Fortnite for Finances
This post is part of a campaign to promote #FinHealthMatters Day 2018,
sponsored by CFSI, Center for Financial Services Innovation.
Last week, my 10th grade daughter brought home an assignment from her Civics class.
The assignment: describe how you would improve your overall education in secondary school.
She asked me how I would address the issue.
My answer: provide fun and engaging financial education in high school.
These post-millennials are more tech savvy than any generation before them. The only way my daughter gets information or entertainment is by streaming it from a device. She has never used a CD, let alone a VHS tape. I don’t even think she could correctly identify a tape!
It used to be that the smartest kid in the class was the most knowledgeable. Today, the smartest kid in the class knows how to access knowledge the fastest.
These students graduating from high school, have all the knowledge in the world available at their fingertips, yet they are woefully unprepared to face real-world finances.
1) No one talks to them about money
2) Finances are boring
Small side note: I personally don’t find finances boring, but I realize most people do.
But what if there was a method to engage these kids in a way that they can relate?
Something that was fun, captivating AND EDUCATIONAL.
Like an online game that could be used in high school to equip these kids with the money skills they need for the rest of their lives.
Think Fortnite™ for Finances. Without the violence.
If you don’t know what Fortnite is, then you probably don’t know a lot of teenagers.
Fortnite is an online game where 100 players fight each other until only one player remains. The players jump out of a floating bus onto a small island. Hidden on the island are weapons and other supplies which participants use to protect themselves as they explore their surroundings. The players can collect supplies to build structures to hide in or defend their position. As the game progresses, the playing field is continually reduced which forces players closer and closer together.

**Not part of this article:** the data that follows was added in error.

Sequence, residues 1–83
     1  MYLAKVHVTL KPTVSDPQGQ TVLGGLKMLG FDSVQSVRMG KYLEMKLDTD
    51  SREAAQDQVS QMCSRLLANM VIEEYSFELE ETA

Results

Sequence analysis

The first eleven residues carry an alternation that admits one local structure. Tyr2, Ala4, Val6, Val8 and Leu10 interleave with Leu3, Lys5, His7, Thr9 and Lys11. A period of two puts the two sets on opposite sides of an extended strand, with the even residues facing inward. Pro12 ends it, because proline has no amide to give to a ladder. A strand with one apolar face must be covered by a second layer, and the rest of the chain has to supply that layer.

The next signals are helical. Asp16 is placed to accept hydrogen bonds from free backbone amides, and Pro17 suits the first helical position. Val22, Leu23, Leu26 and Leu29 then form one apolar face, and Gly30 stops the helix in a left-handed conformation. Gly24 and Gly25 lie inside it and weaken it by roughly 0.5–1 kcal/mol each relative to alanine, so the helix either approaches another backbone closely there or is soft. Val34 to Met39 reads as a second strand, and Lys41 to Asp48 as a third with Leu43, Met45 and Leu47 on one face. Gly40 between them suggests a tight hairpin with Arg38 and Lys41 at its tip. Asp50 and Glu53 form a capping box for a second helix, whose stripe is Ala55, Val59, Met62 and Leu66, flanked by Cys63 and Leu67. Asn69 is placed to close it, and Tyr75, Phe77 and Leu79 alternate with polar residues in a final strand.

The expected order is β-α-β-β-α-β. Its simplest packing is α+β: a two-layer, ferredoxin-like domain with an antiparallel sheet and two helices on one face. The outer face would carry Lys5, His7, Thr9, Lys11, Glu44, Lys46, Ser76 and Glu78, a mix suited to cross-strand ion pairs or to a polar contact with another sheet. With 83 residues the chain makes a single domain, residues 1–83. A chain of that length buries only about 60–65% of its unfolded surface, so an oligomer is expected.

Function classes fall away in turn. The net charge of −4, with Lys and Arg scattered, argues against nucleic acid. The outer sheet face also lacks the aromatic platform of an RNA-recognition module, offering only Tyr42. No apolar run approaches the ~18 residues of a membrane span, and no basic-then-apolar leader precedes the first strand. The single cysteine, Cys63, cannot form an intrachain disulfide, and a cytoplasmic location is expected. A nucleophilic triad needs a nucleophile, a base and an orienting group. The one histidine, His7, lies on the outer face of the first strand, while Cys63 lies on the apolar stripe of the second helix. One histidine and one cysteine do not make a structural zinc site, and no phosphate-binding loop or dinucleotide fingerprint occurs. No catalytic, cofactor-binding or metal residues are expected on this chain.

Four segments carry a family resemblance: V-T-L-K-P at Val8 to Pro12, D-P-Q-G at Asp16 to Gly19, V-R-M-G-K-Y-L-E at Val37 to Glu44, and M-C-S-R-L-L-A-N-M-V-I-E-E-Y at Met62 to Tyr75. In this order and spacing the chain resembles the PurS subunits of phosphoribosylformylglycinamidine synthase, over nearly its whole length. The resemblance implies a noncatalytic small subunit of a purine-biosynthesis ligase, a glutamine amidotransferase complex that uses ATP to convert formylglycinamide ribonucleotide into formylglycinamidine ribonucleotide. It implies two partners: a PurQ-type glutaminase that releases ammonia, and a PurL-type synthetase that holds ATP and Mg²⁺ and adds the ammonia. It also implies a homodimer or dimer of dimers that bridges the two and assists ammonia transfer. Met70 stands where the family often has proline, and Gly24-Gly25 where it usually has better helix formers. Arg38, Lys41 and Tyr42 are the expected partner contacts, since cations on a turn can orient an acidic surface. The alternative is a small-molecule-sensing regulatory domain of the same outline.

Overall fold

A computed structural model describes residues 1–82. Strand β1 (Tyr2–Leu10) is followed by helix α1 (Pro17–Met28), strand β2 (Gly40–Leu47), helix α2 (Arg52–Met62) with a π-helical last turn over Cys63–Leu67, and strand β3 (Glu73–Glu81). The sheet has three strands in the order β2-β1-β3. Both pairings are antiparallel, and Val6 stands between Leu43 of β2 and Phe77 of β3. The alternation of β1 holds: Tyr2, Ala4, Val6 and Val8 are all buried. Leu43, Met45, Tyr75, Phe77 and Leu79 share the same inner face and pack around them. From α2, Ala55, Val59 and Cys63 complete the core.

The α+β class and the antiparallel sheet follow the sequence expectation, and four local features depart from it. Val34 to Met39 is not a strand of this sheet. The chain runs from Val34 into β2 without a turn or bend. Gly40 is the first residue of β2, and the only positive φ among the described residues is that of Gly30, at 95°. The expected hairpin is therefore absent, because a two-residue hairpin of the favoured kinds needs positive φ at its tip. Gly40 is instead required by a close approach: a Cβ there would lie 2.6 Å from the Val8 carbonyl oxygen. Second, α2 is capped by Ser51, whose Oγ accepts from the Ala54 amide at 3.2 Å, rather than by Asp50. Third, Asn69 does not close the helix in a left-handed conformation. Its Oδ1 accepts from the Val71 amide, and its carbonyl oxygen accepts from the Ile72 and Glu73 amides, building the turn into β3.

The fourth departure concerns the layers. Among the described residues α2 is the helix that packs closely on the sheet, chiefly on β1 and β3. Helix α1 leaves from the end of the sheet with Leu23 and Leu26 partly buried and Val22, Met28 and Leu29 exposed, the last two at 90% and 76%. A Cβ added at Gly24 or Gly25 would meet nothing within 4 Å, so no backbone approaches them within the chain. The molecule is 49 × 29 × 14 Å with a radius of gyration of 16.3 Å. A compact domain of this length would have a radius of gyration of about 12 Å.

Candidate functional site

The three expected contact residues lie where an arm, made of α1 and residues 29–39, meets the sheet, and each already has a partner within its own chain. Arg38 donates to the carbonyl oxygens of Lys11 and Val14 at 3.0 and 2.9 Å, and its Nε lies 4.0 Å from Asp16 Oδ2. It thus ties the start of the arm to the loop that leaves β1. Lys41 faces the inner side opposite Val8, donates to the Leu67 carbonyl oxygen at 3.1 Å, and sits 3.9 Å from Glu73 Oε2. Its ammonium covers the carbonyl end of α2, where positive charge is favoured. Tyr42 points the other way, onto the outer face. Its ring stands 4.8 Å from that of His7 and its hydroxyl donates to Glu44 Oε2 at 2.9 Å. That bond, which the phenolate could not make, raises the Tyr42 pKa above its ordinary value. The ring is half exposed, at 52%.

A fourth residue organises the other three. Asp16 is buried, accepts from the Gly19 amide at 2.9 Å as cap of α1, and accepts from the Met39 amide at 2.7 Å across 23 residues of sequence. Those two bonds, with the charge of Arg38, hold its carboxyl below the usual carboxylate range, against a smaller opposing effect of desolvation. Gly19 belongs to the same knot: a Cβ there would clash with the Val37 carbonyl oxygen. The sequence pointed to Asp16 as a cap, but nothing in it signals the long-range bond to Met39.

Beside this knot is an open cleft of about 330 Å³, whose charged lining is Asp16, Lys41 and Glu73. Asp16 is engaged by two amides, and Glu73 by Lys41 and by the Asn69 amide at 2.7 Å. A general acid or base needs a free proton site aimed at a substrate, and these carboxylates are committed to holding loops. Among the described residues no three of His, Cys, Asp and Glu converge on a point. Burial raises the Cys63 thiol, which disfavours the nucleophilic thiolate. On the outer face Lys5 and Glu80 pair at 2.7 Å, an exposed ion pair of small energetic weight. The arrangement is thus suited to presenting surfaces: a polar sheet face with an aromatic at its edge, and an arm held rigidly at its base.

Although financial education should not be as cutthroat as Fortnite, the objective is to teach kids how to survive and thrive given their choice of occupation, lifestyle, etc.
Granted, I’m no game designer, but I do understand finances and I understand the lure of online games.
I foresee the game looking something like this:
Every participant selects an avatar (occupation) and lives and works in a city in North America. They have their choice of where they want to live and how they want to spend their time and their money. You know, real life choices. The objective is to make your money last through all the challenges.
Unlike Fortnite, everyone survives. But the real winners will be the best at managing their resources. You know, like real life.
Players can change occupations; however, they need to understand that there are trade-offs to a career with a high salary. For example: student loan debts may dog a participant for a long time.
The game consists of several levels or challenges.
Challenge 1: Make it to the End of the Month Before the End of the Money
Each player must dedicate funds to real-life necessities like taxes, food, shelter and clothing. As the level progresses, each player will have opportunities to spend their dough (some fun, some necessary). They will learn that there are consequences to spending more money than you make.
Challenge 2: Cleanup on Aisle 7
The setting for this level is a grocery store. Participants must puchase enough food to sustain a family of 4 for a week. Points will be gained through strategic shopping, as well as nutritional value of the meals. Watch out for those nasty dietary restrictions which could pop up at any time and derail the best-laid menu plans.
Challenge 3: The Tax Man Cometh (cue scary music)
I envision the Tax Man looking a lot like Slender Man. At least, that’s how I have always envisioned the Tax Man.
Given simple tax forms, the objective is to maximize deductions and minimize tax payments.
Challenge 4: Seek Shelter
Rent or buy? How much house can I afford? Save for a down payment? The player can choose from a selection of places to live. But just like in real life, there are always trade-offs that must be made.
Challenge 5: Accidents Happen
Emergencies always seem to happen at the most inopportune times. Players need to realize that a healthy emergency fund goes a long way in heading off a catastrophe.
Challenge 6: Reinforcing Moves
The players must plan for their future. They should understand the role social services, pensions, retirement savings, etc. play in providing for their needs when they leave the workforce.
A game like Fortnite for Finances is just one crazy idea to make financial education fun and instructive for students.
But we, as parents, need to push for financial education in any form to be a standard part of every student’s curriculum in high school. Without it, students are bound to keep repeating the same mistakes made by many from the generations before them. That is, making it to the end of the money before the end of the month.
Fortnite is a trademark of Epic Games, Inc.